By Francesca Landini and Andrés González
MILAN/MADRID (Reuters) – Italy’s Atlantia <ATL.MI>, Spain’s ACS <ACS.MI> and Germany’s Hochtief <HOTG.DE> will next week enter the home straight in their acquisition of Spanish toll-road group Abertis, quelling concerns that a disaster involving one of Atlantia’s units could halt it.
The three companies will set up a special purpose vehicle (SPV) next week, which will become the owner of Abertis, three sources close to the matter said.
“Atlantia, ACS and Hochtief will create a vehicle and give it the financial resources to buy Abertis’ shares from Hochtief,” one of the sources said.
The deal, worth more than 17 billion euros (15.08 billion pounds), will create the world’s biggest toll road group and also make Atlantia a shareholder in Hochtief.
A compromise in March between the Benetton family, which controls Atlantia, and Real Madrid soccer club president Florentino Perez, who heads ACS, put an end to a bidding war between the two companies over Abertis.
Builder ACS, construction company Hochtief and Abertis declined to comment, while Atlantia could not immediately be reached for a comment.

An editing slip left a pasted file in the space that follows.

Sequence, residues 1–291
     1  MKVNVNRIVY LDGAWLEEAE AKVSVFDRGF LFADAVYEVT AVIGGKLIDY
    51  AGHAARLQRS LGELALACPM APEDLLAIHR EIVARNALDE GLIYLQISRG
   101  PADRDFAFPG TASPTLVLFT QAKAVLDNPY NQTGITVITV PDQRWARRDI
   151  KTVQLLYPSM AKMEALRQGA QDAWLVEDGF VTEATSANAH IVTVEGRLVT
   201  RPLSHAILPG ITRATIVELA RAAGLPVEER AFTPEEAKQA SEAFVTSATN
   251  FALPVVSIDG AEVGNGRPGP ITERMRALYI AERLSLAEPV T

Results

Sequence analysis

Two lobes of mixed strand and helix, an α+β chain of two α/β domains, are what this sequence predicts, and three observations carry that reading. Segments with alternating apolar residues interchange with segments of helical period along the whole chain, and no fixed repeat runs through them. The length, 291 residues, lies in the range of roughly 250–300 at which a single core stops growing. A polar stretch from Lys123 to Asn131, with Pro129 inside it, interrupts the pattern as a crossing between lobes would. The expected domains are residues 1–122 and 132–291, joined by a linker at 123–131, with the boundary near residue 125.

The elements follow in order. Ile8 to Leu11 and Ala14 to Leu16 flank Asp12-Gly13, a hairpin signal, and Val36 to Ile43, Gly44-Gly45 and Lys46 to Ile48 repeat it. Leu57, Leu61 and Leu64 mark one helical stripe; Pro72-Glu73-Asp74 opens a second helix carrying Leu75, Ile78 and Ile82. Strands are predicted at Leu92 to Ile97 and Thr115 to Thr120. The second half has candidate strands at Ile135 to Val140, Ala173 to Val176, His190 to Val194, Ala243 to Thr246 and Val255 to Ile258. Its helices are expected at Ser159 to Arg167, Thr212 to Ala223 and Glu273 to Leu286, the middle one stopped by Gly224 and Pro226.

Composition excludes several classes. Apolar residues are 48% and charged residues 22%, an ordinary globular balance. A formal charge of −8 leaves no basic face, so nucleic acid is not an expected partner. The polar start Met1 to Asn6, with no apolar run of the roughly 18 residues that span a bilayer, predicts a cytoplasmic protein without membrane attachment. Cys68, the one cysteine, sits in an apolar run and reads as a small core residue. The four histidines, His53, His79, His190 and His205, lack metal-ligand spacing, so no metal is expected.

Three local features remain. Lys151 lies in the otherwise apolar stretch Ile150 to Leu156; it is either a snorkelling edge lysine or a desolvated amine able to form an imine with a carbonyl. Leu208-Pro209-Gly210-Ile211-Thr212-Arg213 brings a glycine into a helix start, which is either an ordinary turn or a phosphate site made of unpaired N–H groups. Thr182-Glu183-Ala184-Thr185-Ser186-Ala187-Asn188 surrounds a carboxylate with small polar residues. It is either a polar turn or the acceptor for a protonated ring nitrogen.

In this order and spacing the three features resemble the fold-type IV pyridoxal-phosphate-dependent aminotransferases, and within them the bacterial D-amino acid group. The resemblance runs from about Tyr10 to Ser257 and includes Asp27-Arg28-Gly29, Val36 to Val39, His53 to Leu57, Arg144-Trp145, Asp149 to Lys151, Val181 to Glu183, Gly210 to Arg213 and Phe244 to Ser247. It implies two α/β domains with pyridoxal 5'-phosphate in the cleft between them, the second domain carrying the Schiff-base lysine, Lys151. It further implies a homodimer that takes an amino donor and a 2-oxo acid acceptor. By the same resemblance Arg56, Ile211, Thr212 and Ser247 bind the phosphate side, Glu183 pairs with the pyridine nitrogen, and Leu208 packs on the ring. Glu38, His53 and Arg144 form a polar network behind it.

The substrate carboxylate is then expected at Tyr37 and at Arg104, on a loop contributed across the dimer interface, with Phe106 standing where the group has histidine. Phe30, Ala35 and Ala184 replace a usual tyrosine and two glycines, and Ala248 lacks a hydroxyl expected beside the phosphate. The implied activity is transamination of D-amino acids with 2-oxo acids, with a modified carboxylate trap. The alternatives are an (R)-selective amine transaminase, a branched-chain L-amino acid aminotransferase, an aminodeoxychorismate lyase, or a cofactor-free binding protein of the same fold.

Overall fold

Under an agreement reached in March, Hochtief took over Abertis to transfer it to the SPV, which will be majority owned by Atlantia.
Atlantia is under scrutiny after a bridge operated by its motorway unit Autostrade per l’Italia collapsed last month, killing 43 people.
The disaster sparked public outrage in Italy with Rome’s anti-establishment government piling blame on Autostrade, which runs a section of A10 motorway that links Genoa to the French border.
The Italian government has vowed to revoke Autostrade’s Italian motorway concessions, saying the company reaped extra profits from the motorway business.
(Additional reporting by Jose Rodriguez, Matthias Inverardi and Stefano Bernabei; editing by Agnieszka Flak and Kirsten Donovan)